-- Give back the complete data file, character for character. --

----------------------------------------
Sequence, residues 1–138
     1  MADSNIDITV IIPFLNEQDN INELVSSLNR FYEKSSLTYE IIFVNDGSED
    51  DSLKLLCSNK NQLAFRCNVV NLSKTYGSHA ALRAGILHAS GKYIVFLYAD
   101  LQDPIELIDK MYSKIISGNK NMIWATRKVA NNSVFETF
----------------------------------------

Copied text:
Sequence, residues 1–138
     1  MADSNIDITV IIPFLNEQDN INELVSSLNR FYEKSSLTYE IIFVNDGSED
    51  DSLKLLCSNK NQLAFRCNVV NLSKTYGSHA ALRAGILHAS GKYIVFLYAD
   101  LQDPIELIDK MYSKIISGNK NMIWATRKVA NNSVFETF